The legend of Mackinac Island / by Kathy-jo Wargin ; illustrations by Gijsbert van Frankenhuyzen. Chelsea, MI : Sleeping Bear Press, 1999. 46pp. E78.M6 W37 1999 : Retells the story of the great turtle Makinauk that enlists the aid of other animals to help create the special place known as Mackinac Island.
The legend of sleeping bear / illustrations by Gijsbert van Frankenhuyzen ; text by Kathy-jo Wargin. Chelsea, MI : Sleeping Bear Press, 1998. 46pp. Special Collections Popular Culture E99.C6 F67 1998 : In this retelling of an Ojibwa Indian tale, a mother bear loses sight of her two cubs as they all attempt to escape a forest fire by swimming across Lake Michigan.
A little mouse / by Lois Dalby and Jeanette McCrie ; illustrated by Lois Dalby ; translated into Lake of the Woods Ojibwe by Elsie Bruyere and John Nichols. Fort Frances, Ont. : Fort Frances Public Library, 1975. 15pp. PM854.Z9 L3335 1975 : Text in Ojibwe only. Aboriginal children's story.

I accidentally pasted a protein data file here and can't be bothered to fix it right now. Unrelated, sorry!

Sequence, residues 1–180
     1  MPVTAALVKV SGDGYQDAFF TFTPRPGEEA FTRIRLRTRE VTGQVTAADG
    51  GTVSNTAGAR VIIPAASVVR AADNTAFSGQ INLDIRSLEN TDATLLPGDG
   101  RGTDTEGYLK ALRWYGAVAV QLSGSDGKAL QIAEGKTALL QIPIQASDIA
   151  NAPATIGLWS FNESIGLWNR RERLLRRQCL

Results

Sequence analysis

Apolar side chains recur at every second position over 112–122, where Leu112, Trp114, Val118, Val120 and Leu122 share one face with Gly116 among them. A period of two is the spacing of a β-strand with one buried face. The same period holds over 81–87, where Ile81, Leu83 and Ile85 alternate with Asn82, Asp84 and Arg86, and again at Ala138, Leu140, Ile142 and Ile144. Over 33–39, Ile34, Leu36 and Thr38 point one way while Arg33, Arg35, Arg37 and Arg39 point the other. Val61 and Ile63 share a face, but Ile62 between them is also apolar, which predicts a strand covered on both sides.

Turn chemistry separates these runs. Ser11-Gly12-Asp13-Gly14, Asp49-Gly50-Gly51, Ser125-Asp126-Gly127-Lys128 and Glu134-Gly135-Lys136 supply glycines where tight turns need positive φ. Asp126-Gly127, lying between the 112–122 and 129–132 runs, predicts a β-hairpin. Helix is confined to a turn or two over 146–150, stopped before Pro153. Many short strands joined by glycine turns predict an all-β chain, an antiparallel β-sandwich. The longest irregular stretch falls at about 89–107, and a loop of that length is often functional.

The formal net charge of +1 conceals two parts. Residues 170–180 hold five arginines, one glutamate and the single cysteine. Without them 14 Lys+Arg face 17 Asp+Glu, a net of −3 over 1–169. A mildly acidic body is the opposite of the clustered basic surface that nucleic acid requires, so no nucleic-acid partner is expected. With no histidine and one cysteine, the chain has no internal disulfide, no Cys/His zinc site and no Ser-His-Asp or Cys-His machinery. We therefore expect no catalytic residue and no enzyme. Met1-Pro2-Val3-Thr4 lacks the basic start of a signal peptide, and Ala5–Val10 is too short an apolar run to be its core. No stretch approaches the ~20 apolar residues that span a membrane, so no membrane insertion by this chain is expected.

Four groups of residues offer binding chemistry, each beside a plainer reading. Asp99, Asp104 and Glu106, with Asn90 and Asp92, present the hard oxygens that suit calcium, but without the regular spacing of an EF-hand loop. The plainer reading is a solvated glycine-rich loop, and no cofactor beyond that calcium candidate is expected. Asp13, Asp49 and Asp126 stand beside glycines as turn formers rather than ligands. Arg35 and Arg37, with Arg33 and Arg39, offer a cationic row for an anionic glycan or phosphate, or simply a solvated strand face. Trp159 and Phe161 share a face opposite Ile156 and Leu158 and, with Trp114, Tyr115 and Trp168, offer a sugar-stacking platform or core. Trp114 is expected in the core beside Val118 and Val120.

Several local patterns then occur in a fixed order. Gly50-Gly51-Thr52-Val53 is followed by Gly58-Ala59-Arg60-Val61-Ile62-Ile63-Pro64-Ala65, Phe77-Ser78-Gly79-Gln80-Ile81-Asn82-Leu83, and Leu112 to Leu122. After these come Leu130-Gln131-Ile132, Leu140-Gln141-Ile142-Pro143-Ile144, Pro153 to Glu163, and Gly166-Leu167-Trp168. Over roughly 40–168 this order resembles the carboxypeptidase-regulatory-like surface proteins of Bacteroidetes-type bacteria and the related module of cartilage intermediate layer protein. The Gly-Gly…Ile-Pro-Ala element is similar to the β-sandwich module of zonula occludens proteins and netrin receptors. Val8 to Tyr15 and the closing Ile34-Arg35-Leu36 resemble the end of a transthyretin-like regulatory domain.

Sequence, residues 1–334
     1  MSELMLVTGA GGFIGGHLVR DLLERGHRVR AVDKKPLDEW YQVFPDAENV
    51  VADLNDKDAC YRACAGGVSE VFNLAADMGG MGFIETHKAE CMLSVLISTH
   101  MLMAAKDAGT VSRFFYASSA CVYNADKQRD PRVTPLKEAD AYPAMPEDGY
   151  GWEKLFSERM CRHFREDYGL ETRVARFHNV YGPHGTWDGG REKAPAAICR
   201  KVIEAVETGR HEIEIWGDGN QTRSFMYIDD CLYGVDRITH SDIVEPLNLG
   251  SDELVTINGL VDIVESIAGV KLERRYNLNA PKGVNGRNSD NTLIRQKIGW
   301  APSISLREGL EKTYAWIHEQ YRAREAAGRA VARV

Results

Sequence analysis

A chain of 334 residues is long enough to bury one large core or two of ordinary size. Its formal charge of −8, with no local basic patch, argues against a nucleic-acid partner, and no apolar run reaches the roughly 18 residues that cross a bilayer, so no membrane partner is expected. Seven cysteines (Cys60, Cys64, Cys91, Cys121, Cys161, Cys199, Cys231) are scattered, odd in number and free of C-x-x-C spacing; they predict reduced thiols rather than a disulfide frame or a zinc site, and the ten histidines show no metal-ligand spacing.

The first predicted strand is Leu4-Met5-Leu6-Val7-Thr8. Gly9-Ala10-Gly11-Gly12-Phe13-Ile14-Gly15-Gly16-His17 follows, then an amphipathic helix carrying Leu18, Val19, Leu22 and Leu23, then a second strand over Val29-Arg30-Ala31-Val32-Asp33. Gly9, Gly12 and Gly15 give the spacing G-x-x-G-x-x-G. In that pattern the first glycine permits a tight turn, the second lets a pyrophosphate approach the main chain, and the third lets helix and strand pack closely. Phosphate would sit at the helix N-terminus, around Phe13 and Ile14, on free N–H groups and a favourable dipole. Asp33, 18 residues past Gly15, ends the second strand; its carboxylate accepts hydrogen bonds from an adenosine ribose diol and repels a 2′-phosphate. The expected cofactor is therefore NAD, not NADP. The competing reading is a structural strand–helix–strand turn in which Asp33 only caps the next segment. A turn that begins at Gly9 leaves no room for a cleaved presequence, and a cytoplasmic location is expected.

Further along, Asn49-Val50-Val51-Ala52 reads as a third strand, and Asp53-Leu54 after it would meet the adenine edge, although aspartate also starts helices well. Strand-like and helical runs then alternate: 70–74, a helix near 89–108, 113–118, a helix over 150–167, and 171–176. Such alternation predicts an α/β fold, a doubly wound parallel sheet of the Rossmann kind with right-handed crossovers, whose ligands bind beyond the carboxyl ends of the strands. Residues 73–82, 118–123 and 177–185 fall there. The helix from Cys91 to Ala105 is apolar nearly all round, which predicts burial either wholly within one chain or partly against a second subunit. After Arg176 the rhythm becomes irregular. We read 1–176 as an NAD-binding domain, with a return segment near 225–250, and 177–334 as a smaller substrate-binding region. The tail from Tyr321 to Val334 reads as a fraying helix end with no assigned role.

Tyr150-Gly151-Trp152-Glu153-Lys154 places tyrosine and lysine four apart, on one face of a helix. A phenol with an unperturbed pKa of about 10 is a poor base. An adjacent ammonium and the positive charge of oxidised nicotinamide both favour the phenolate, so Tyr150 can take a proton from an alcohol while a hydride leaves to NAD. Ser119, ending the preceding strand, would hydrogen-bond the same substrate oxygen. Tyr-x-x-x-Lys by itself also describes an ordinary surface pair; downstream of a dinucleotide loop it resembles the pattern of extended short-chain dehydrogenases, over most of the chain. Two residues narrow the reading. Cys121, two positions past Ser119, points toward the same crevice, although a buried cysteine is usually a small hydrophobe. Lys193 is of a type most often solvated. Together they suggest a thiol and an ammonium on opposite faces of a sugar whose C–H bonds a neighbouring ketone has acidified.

Living our language : Ojibwe tales & oral histories / edited by Anton Treuer. St. Paul : Minnesota Historical Society Press, c2001. 272pp. Main Library Stacks E99.C6 L535 2001 : A language carries a people's memories, whether they are recounted as individual reminiscences, as communal history, or as humorous tales. This collection of stories from Anishinaabe elders offers a history of a people at the same time that it seeks to preserve the language of that people. Based on interviews Treuer conducted with ten elders this anthology presents the elders' stories transcribed in Ojibwe with English translation on facing pages. These stories contain a wealth of information, including oral histories of the Anishinaabe people and personal reminiscences, educational tales, and humorous anecdotes. Treuer's translations of these stories preserve the speakers' personalities, allowing their voices to emerge from the page. Treuer introduces each speaker, offering a brief biography and noting important details concerning dialect or themes; he then allows the stories to speak for themselves. This dual-language text will prove instructive for those interested in Ojibwe language and culture, while the stories themselves offer the gift of a living language and the history of a people.